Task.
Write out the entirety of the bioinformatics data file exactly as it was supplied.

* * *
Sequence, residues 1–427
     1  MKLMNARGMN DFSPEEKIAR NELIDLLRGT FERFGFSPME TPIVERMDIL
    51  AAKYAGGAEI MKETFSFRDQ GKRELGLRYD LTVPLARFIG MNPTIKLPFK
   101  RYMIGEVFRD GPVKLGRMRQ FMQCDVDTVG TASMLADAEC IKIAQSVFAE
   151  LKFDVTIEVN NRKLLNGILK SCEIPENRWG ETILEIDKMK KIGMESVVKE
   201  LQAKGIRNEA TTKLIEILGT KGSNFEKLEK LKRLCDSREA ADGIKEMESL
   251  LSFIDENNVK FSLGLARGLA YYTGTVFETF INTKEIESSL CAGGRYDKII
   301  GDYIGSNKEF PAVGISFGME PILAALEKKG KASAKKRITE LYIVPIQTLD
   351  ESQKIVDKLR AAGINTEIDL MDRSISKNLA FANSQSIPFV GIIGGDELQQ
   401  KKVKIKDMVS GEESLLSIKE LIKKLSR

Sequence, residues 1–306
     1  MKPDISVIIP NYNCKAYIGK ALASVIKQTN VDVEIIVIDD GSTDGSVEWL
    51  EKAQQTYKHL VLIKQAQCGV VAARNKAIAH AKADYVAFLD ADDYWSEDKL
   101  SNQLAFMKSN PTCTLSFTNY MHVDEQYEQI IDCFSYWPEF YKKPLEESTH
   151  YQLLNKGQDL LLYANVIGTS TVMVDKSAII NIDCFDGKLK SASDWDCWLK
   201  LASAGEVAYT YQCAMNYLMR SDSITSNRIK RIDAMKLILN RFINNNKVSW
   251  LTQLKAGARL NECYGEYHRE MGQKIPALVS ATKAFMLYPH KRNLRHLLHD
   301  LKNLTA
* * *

Sequence, residues 1–427
     1  MKLMNARGMN DFSPEEKIAR NELIDLLRGT FERFGFSPME TPIVERMDIL
    51  AAKYAGGAEI MKETFSFRDQ GKRELGLRYD LTVPLARFIG MNPTIKLPFK
   101  RYMIGEVFRD GPVKLGRMRQ FMQCDVDTVG TASMLADAEC IKIAQSVFAE
   151  LKFDVTIEVN NRKLLNGILK SCEIPENRWG ETILEIDKMK KIGMESVVKE
   201  LQAKGIRNEA TTKLIEILGT KGSNFEKLEK LKRLCDSREA ADGIKEMESL
   251  LSFIDENNVK FSLGLARGLA YYTGTVFETF INTKEIESSL CAGGRYDKII
   301  GDYIGSNKEF PAVGISFGME PILAALEKKG KASAKKRITE LYIVPIQTLD
   351  ESQKIVDKLR AAGINTEIDL MDRSISKNLA FANSQSIPFV GIIGGDELQQ
   401  KKVKIKDMVS GEESLLSIKE LIKKLSR

Sequence, residues 1–306
     1  MKPDISVIIP NYNCKAYIGK ALASVIKQTN VDVEIIVIDD GSTDGSVEWL
    51  EKAQQTYKHL VLIKQAQCGV VAARNKAIAH AKADYVAFLD ADDYWSEDKL
   101  SNQLAFMKSN PTCTLSFTNY MHVDEQYEQI IDCFSYWPEF YKKPLEESTH
   151  YQLLNKGQDL LLYANVIGTS TVMVDKSAII NIDCFDGKLK SASDWDCWLK
   201  LASAGEVAYT YQCAMNYLMR SDSITSNRIK RIDAMKLILN RFINNNKVSW
   251  LTQLKAGARL NECYGEYHRE MGQKIPALVS ATKAFMLYPH KRNLRHLLHD
   301  LKNLTA